Physical activity and body composition among cancer patients at Universiti Kebangsaan Malaysia Medical Center

Suhaina Sulaiman, Mohd Razif Shahril, Ahmad Zailani Hatta, Fuad Ismail

Research output: Contribution to journalArticle

Abstract

Increasing physical activity level during and after treatment is recommended by the American Cancer Society because of the many benefits namely reducing fatigue and improves psychological distress which leads to an improvement in the quality of life. This study is aimed to compare physical activity level and body composition between oncology patients who are still undergoing treatment and those on medical follow-up. Patients were recruited based on convenience sampling from the Oncology Outpatient Clinics of Universiti Kebangsaan Malaysia Medical Center (UKMMC). Anthropometric measurements and body compositions were measured using calibrated tools while physical activity level were assessed using Global Physical Activity Questionnaire (GPAQ). Medical treatment history was obtained from patients medical records. A total of 53 patients (n=38 were undergoing treatment and n=15 was on follow-up) consisting of Malays (54.7%) and Chinese (45.3%) and with mean age of 55.3 ± 9.3 years. Most patients were previously diagnosed with ovarian cancer (39.6%) and colon cancer (18.9%) patients and they were at cancer stage III (18.8%). Body mass index (BMI) and percent fat mass were significantly different (p < 0.05) between patients undergoing treatment (22.8 ± 2.7 kg/m2, 28.7 ± 7.2%) and on follow-up (26.2 ± 5.5 kg/m2, 37.1 ± 11.9%). Majority of the patients undergoing treatment were categorized under low physical activity compared to those on follow-up (p < 0.05). Physical activity level measured as METS-minutes/week is also found to be significantly different (p < 0.05) between patients on treatment and follow-up. As a conclusion, cancer patients undergoing treatment have low physical activity, with lower BMI and fat mass compared to those on follow-up. This is consistent with their nature of living where during treatment the patients will resting while coping with side effects of treatments.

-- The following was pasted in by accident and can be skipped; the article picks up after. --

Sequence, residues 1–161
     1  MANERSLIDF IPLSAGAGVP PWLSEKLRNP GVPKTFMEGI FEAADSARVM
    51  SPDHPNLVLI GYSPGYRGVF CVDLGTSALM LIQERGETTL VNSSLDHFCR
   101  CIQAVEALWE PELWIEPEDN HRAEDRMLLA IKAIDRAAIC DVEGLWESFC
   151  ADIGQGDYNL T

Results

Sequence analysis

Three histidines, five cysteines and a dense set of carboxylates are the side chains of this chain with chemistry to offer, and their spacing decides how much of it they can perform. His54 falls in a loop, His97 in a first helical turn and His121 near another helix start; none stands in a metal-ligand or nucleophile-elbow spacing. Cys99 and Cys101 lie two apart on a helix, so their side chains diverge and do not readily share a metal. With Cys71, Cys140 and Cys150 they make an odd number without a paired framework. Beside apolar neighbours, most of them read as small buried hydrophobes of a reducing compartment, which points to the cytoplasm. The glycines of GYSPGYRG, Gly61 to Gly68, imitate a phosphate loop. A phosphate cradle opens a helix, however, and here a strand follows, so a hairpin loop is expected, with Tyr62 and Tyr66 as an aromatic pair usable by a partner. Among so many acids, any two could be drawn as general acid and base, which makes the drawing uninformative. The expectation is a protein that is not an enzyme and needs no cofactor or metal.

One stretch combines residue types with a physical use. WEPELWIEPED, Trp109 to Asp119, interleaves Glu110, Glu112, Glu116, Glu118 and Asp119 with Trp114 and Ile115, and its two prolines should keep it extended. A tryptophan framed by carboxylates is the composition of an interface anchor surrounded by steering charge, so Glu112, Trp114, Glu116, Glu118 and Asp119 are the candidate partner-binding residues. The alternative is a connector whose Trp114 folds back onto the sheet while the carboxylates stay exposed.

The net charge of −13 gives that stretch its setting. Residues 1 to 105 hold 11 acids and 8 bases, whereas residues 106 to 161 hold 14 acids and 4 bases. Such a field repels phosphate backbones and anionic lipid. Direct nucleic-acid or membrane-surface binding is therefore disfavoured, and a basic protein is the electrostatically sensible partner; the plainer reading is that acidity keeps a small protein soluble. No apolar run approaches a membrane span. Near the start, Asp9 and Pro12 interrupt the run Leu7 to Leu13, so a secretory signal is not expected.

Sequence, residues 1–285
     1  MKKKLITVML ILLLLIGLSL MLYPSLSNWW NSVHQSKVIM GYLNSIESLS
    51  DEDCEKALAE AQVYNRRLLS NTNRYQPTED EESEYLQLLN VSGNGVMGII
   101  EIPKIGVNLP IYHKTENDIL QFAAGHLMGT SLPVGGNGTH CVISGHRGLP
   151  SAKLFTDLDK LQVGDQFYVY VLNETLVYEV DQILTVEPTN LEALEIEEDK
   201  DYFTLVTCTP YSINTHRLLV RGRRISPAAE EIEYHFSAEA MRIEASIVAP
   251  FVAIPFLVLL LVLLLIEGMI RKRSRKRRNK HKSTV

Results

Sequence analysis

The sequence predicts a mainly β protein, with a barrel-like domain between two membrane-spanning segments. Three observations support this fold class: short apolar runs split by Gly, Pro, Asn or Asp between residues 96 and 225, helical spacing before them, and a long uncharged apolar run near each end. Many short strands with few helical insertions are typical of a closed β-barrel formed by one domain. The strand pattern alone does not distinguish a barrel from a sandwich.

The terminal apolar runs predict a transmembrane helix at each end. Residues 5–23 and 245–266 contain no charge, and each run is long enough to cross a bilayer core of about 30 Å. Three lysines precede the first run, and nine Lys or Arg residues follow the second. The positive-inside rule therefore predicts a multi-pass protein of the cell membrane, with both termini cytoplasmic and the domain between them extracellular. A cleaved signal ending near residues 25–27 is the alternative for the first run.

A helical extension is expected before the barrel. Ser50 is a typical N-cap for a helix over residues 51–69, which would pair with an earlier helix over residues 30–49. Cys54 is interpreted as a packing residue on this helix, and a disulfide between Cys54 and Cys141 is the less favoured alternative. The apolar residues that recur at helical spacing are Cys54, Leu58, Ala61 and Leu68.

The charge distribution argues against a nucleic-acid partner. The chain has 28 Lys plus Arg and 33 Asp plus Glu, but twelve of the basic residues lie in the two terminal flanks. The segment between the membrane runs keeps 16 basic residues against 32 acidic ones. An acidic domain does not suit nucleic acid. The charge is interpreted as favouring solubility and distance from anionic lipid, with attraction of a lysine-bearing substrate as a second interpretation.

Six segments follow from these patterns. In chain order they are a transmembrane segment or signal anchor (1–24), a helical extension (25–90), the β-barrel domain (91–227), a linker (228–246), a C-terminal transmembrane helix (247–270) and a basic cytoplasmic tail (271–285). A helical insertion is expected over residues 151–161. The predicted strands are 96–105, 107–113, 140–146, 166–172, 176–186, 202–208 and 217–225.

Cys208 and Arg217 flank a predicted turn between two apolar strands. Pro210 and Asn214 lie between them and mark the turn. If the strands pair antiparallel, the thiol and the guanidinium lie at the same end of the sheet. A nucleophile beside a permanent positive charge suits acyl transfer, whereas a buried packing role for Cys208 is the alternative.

Original languageEnglish
Pages (from-to)82-87
Number of pages6
JournalMalaysian Journal of Public Health Medicine
Volume17
Issue number2 Special Issue
Publication statusPublished - 1 Jan 2017

Fingerprint

Malaysia
Body Composition
Exercise
Neoplasms
Therapeutics
Colonic Neoplasms
Body Mass Index
Fats
Ambulatory Care Facilities
Ovarian Neoplasms
Medical Records
Fatigue
History
Quality of Life
Psychology

Keywords

  • BMI
  • Body composition
  • Cancer
  • Physical activity
  • Undergoing cancer treatment

ASJC Scopus subject areas

  • Public Health, Environmental and Occupational Health

Cite this

Physical activity and body composition among cancer patients at Universiti Kebangsaan Malaysia Medical Center. / Sulaiman, Suhaina; Shahril, Mohd Razif; Hatta, Ahmad Zailani; Ismail, Fuad.

In: Malaysian Journal of Public Health Medicine, Vol. 17, No. 2 Special Issue, 01.01.2017, p. 82-87.

Research output: Contribution to journalArticle

Sulaiman, Suhaina ; Shahril, Mohd Razif ; Hatta, Ahmad Zailani ; Ismail, Fuad. / Physical activity and body composition among cancer patients at Universiti Kebangsaan Malaysia Medical Center. In: Malaysian Journal of Public Health Medicine. 2017 ; Vol. 17, No. 2 Special Issue. pp. 82-87.
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abstract = "Increasing physical activity level during and after treatment is recommended by the American Cancer Society because of the many benefits namely reducing fatigue and improves psychological distress which leads to an improvement in the quality of life. This study is aimed to compare physical activity level and body composition between oncology patients who are still undergoing treatment and those on medical follow-up. Patients were recruited based on convenience sampling from the Oncology Outpatient Clinics of Universiti Kebangsaan Malaysia Medical Center (UKMMC). Anthropometric measurements and body compositions were measured using calibrated tools while physical activity level were assessed using Global Physical Activity Questionnaire (GPAQ). Medical treatment history was obtained from patients medical records. A total of 53 patients (n=38 were undergoing treatment and n=15 was on follow-up) consisting of Malays (54.7{\%}) and Chinese (45.3{\%}) and with mean age of 55.3 ± 9.3 years. Most patients were previously diagnosed with ovarian cancer (39.6{\%}) and colon cancer (18.9{\%}) patients and they were at cancer stage III (18.8{\%}). Body mass index (BMI) and percent fat mass were significantly different (p < 0.05) between patients undergoing treatment (22.8 ± 2.7 kg/m2, 28.7 ± 7.2{\%}) and on follow-up (26.2 ± 5.5 kg/m2, 37.1 ± 11.9{\%}). Majority of the patients undergoing treatment were categorized under low physical activity compared to those on follow-up (p < 0.05). Physical activity level measured as METS-minutes/week is also found to be significantly different (p < 0.05) between patients on treatment and follow-up. As a conclusion, cancer patients undergoing treatment have low physical activity, with lower BMI and fat mass compared to those on follow-up. This is consistent with their nature of living where during treatment the patients will resting while coping with side effects of treatments.",
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